Tryon Equine Hospital P.L.L.C




Standing Equine MRI


Standing Equine MRI for Horses

Tryon Equine Hospital is happy to offer our clients magnetic resonance imaging (MRI), through the use of the Hallmarq® MRI technology. MRI is currently consiScreen Shot 04-03-17 at 12.49 AM.PNGdered the gold standard for diagnosing injury in equine sports medicine. It is a powerful imaging tool that provides detailed images of bones and soft tissues in a horse's lower limbs and can identify areas of inflammation when radiographs and ultrasound do not detect the abnormality.

An MRI not only gives clear viewing of bone and soft tissue but it also allows 3-dimensional viewing of slices of the tissue, in the area of concern, so severity of the injury can be accurately determined. Each scan generates between 300-500 images per foot, offering a 90% likelihood of conclusive diagnosis as to the specific cause of lameness. Targeted treatment can then be recommended, a prognosis can be clarified, and a more satisfactory outcome reached. In equine sports medicine, an early and accurate diagnosis with an MRI can lead to improving a horse's long-term athletic soundness and reducing their time out of work.

When horses are standing, we can obtain MRI images of the distal extremities (feet, pasterns, and fetlocks) and other body parts. The structure that is imaged most frequently with the MRI is the hoof.  The equine hoof is comprised of many soft tissue structures that cannot be seen on an x-ray, and cannot be penetrated by ultrasound waves.  We are now able to identify damage to these tissues, provide an explanation for many frustrating foot lameness cases, and suggest new treatments and shoeing techniques. The MRI system is best used when a lameness can be localized to a specific area, such as a particular foot or fetlock, but shows no abnormalities on digital radiograph or ultrasound.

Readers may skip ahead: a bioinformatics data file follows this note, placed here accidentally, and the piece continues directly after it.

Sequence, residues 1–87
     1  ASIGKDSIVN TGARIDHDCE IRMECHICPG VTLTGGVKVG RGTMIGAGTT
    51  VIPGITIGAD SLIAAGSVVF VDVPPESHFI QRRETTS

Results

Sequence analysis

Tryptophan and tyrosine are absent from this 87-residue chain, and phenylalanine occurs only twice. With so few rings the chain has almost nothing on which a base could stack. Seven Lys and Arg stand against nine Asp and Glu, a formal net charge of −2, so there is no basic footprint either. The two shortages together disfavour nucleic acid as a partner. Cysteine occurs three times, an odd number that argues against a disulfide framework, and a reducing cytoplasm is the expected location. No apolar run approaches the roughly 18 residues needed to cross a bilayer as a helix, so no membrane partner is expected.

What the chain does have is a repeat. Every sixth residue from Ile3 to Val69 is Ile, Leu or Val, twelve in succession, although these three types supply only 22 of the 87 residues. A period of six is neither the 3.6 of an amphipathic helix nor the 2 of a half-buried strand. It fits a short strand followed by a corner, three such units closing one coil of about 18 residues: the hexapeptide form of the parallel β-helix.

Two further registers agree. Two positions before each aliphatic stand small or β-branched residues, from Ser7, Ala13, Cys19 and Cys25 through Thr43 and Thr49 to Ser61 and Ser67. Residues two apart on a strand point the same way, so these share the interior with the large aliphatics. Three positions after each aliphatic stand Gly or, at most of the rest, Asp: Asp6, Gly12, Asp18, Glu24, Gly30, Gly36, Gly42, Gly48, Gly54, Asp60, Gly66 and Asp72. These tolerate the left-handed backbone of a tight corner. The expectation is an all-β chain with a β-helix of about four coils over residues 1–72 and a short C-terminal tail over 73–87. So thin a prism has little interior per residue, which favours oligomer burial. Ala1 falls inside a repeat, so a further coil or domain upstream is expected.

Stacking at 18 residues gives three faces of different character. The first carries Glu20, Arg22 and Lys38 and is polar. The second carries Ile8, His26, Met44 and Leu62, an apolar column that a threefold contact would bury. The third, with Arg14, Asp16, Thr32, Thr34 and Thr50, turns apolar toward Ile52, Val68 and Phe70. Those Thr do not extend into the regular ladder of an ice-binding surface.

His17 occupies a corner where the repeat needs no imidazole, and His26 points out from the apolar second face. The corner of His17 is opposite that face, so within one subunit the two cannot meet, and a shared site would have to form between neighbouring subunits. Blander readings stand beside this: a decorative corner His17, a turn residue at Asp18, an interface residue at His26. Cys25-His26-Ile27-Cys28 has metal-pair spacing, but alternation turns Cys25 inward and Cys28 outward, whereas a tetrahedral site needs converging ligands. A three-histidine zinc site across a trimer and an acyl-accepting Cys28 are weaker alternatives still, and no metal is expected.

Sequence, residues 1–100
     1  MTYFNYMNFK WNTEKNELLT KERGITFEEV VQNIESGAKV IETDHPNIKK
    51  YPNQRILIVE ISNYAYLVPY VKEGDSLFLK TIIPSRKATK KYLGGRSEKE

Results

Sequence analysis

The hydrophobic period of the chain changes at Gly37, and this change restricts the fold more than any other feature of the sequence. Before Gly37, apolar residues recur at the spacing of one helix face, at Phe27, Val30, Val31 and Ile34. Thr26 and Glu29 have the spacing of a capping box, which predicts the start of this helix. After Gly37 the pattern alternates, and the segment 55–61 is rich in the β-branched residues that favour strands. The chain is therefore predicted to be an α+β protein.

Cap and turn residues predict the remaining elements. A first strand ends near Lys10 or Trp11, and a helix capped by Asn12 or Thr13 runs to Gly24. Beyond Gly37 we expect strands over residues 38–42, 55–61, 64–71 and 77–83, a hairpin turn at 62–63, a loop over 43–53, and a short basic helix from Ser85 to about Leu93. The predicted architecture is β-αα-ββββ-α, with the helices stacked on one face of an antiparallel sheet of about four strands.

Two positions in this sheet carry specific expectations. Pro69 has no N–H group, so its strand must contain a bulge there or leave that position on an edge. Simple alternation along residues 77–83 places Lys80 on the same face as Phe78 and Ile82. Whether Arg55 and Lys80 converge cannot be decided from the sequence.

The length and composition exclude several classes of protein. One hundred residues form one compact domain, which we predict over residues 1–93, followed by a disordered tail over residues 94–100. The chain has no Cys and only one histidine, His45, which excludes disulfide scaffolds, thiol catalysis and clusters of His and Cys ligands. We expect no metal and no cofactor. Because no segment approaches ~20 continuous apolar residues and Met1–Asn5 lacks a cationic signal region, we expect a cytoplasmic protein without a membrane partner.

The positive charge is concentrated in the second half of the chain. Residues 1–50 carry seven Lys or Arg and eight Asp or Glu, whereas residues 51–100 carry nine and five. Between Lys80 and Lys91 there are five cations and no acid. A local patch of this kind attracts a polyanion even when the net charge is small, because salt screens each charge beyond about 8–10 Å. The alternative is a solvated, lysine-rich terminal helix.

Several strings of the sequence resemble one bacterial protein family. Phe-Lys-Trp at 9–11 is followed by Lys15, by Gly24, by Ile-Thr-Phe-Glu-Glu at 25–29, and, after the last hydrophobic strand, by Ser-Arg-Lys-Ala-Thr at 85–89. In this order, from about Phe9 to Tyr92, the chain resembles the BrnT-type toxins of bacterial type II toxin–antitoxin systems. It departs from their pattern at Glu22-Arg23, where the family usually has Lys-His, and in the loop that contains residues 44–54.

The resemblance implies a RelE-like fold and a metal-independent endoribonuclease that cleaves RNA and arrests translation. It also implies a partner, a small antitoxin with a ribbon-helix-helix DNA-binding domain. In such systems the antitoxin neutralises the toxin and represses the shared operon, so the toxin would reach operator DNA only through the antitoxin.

An MRI can be helpful in the following situations:

  • Assessing damage after penetrating injuries of the foot
  • Radiographs do not show any injuries/lesions
  • Lameness localized to the foot or lower limb by nerve blocks
  • Area not accessible with ultrasound
  • Early detection of bone fractures (before they become obvious cracks)
  • After acute onset of lameness during exercise
  • To monitor treatment and healing before returning to work


MRI vs Radiograph

MRI images show information about both bone and soft tissue, whereas radiograph images only show bone, and ultrasound imaging only shows soft tissues. The clear images from an MRI allow us to make an accurate and precise diagnosis in 90% of cases.

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Image Caption: Radiograph image of horse's foot (left) and MRI image of horse's foot (right).


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MRIs are performed by appointment. Your horse’s shoes (both front feet, if the front foot is affected, and both hind feet, if the hind foot is affected) will have to be pulled prior to getting the MRI exam. We can remove the shoes if you are unable to arrange this with your farrier or if your horse cannot travel without shoes on.

Prior to the MRI exam, radiographs will need to be taken of each foot to detect any metal (such as a remnant of a horse shoe nail---as this will need to be removed. The charge for the radiographs is included in the price of the MRI exam. Your horse will be sedated for the exam. During the 2 hour exam, hundreds of images are captured that are then compiled and analyzed by our doctors. A diagnosis will be reported to you within 72 hours.

Contact us at (828) 894-6065 and/or to find out more information about this service and to book an appointment for your horse.